Martland Redbeard is Roran's commander during his first mission into the Empire when they ambush a caravan and is admired by his men as a tactical genius who saved his servants and others in his house from Galbatorix's men. By this time it can be assumed as he is getting old as his famed red beard is going grey. Towards the end of the second fight Martland's hand is cut off by a soldier who was pretending to be dead. Carn offers to heal it, but Martland orders him to help others who are more badly wounded. It is evidently then too late to reattach his hand, and he is removed from active duty and given a position as a battle advisor to Nasuada.
Edric is the commander of one of Roran's missions with the Varden. Edric and Roran are sent to fight off a group of soldiers attacking Surda while the army is away. Edric is described as being a competent commander but one who dislikes straying from a set course. This is described by Roran as a style that undermines creativity. Edric's right hand man is Sand, who is killed in a disastrous battle that Roran is forced to save at the cost of fifty lashes for disobedience. After this mission, Edric is stripped of rank.
Irwin is the Prime Minister of Surda. While it is unclear what role the Prime Minister plays in Surda's government, he is quite influential in Orrin's government and has opposed the Varden on numerous occasions in an attempt to express Surda's dominance over them. While King Orrin has dismissed his council on numerous occasions, Irwin is still in a position of power relative to Orrin, just as the Council of Elders are in a position of power compared to Nasuada.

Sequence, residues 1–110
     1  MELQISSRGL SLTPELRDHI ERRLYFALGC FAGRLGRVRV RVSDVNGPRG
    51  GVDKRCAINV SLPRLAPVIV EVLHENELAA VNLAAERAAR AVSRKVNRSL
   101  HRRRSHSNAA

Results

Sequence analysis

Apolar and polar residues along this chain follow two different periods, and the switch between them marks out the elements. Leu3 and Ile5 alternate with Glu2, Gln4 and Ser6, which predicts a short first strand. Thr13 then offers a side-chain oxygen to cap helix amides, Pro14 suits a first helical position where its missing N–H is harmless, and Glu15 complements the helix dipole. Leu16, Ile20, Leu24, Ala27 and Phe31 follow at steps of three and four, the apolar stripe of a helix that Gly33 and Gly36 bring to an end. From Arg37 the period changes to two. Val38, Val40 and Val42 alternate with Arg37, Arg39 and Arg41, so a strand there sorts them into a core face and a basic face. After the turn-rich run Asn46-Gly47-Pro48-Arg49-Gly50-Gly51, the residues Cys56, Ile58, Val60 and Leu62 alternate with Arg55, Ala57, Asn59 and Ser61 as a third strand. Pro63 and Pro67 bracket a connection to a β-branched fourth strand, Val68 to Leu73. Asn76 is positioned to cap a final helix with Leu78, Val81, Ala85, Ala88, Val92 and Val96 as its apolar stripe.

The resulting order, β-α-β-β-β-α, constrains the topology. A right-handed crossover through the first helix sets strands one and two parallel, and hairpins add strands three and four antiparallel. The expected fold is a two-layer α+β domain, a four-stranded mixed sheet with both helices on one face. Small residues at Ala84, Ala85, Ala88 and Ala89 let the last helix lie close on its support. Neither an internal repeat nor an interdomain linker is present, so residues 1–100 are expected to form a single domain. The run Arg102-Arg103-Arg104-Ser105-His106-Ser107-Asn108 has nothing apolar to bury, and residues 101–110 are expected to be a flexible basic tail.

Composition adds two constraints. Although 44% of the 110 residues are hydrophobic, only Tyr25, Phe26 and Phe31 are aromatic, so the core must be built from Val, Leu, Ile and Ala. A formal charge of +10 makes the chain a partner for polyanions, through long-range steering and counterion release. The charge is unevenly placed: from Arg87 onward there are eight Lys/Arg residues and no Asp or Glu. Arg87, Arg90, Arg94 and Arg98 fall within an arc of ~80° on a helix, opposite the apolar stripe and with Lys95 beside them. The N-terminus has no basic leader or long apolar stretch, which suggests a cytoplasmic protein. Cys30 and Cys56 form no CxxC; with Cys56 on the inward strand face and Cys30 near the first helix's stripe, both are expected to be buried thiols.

Fredric is the Varden's main weapon master and an accomplished fighter as well. He aids Eragon in finding a new sword, but Eragon eventually destroys it by accident and ends up with Brisingr. Fredric holds a position of authority amongst the Varden and has survived both the fighting at Tronjheim and the Battle of the Burning Plains. He routinely wears a suit of ox hide armor, which Eragon has often stated as having a pungent odor, and wields a massive two-handed sword, which is over five feet long. Fredric is not to be confused with Falberd, who is a member of the Council of Elders.
Shruikan is Galbatorix's black dragon. After being denied a new dragon after his was killed by Urgals, Galbatorix stole another Rider's dragon, killed the Rider, then used a dark ritual in an attempt to recreate the bond forged by elves and dragons and force Shruikan to serve him. Shruikan was spared from the Banishing of the Names because he did not choose to help Galbatorix, but was forced to.
Shruikan has gone mad from being "bonded" to Galbatorix. In the final battle of Inheritance, he is killed by Arya who uses a special spear which enters and cuts through one of his blue eyes.